As a former Omaha city council member, I’m fairly experienced in hearing from people about their property taxes.
But even after all these years, sometimes I’m not totally sure what people mean when they say they want things to change.
After all, “property tax relief” can mean different things to different people.
One person might hear that phrase and think about saving money on their tax bill. Others might fear the possibility of added tax hikes to accomplish that goal, or even a big cut in the local school’s budget.
I want to try to help clear up the confusion. My organization, the Platte Institute, is conducting a new property tax reform survey online at PlatteInstitute.org/Survey.
I’d appreciate it if you’d participate by sharing your thoughts about what property tax reform means to you, and what you believe needs to be done to accomplish it.
The survey is only 11 brief tax policy questions, and the Platte Institute team plans to share your input with policymakers and the media in Nebraska, to help create a better picture of which approaches should be on the table as the Legislature starts fresh on property tax reform in 2019.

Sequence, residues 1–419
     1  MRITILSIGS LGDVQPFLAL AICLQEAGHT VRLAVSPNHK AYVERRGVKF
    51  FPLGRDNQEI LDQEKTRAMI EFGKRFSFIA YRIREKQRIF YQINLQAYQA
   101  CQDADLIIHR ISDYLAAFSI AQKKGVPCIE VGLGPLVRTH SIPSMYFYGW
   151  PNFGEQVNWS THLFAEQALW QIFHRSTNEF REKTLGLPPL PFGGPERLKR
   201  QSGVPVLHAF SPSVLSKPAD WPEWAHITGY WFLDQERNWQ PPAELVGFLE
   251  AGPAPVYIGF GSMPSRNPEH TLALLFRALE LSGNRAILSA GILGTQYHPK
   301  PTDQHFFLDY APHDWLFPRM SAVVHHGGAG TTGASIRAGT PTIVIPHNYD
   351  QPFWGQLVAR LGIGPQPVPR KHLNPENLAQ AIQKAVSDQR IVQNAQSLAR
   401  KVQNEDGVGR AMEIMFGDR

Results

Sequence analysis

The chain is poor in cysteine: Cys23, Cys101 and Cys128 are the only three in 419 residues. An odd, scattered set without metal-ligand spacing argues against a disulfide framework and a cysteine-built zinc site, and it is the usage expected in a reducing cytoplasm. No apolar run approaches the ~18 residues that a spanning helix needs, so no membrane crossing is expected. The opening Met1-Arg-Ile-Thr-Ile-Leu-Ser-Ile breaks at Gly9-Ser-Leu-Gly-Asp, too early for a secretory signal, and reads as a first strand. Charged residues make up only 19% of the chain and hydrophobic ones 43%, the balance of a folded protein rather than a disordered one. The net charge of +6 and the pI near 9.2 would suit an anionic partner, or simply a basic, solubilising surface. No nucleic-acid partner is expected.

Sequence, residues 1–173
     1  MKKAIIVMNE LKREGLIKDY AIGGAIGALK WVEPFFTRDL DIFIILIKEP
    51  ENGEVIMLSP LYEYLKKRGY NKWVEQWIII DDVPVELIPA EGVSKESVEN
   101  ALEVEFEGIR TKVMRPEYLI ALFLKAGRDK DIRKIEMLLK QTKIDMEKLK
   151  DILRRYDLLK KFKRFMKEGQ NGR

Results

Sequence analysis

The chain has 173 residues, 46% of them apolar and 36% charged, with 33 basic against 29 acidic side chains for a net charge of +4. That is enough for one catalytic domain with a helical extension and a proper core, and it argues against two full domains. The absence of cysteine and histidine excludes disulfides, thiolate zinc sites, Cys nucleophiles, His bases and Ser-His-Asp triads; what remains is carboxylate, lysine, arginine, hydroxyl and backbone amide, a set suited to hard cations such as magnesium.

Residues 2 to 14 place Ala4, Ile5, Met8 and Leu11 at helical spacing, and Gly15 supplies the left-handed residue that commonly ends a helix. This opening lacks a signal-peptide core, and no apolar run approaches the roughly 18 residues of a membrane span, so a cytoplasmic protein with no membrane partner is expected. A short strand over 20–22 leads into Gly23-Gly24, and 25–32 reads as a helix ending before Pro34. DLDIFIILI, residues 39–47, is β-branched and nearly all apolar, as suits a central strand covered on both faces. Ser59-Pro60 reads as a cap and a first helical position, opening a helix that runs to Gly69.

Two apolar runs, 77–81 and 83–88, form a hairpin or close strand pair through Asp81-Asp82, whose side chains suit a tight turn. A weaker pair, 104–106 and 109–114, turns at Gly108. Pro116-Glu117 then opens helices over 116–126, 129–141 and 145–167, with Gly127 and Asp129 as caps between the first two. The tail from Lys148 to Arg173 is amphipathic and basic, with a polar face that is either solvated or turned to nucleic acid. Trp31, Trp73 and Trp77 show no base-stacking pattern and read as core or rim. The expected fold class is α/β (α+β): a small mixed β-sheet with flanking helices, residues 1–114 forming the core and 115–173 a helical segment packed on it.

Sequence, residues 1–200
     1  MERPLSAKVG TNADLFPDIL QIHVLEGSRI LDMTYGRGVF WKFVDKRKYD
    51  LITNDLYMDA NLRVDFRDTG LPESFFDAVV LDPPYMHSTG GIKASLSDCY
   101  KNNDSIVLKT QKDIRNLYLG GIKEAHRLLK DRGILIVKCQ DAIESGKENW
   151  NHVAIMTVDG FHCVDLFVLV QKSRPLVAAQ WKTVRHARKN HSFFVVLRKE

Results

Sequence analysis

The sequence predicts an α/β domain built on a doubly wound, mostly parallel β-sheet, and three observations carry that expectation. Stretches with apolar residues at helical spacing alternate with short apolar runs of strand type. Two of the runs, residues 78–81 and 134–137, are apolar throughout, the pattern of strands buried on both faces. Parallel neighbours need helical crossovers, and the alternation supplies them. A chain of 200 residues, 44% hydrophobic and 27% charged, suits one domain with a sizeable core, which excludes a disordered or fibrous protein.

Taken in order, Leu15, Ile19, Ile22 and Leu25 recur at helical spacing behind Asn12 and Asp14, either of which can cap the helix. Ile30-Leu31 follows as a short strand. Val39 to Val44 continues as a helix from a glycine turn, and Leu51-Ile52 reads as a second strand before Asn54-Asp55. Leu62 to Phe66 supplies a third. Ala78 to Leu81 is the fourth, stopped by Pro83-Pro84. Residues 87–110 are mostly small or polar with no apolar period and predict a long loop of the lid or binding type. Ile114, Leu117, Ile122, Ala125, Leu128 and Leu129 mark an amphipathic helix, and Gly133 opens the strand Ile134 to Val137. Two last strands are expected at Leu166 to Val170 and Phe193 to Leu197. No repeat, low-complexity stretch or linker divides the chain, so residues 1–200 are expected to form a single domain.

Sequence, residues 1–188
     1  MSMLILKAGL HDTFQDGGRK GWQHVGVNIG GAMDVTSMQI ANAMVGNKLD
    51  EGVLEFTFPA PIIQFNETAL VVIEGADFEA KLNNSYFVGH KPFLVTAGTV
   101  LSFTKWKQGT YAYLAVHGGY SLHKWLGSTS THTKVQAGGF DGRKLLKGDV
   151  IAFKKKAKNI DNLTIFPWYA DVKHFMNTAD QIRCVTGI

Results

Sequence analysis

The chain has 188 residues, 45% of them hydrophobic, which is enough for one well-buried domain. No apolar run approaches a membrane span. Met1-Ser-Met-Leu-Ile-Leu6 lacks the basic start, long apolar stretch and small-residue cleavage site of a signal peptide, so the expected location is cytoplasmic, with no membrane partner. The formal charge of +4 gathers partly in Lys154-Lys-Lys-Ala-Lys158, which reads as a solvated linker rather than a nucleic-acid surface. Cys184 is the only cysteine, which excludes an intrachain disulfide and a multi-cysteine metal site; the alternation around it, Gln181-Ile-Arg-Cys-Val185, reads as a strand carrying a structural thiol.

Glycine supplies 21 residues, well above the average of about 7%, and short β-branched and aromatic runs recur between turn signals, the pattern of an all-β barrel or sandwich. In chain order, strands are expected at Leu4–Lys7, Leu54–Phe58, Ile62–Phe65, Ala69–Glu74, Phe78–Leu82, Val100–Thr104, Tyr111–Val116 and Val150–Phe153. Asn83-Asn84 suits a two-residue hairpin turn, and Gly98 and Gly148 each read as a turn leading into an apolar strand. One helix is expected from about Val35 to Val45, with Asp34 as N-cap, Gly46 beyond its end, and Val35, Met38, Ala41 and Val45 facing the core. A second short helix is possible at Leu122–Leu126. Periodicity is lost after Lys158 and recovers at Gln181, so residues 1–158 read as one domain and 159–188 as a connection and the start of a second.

Nowadays, lots of organizations release surveys just for show—full of softball questions—to create the appearance that they’re listening to you. I want to assure you that we really intend to study this survey to help improve the legislative process in Nebraska.
We want to challenge taxpayers to go into greater detail about the tough policy choices they’re willing to consider when it comes to changing Nebraska’s property tax system. We’ll release the results as we continue to publish more research on Nebraska’s property tax debate.
We’ve already received many great responses, with a wide variety of ideas, so I hope you will consider adding your point of view as well.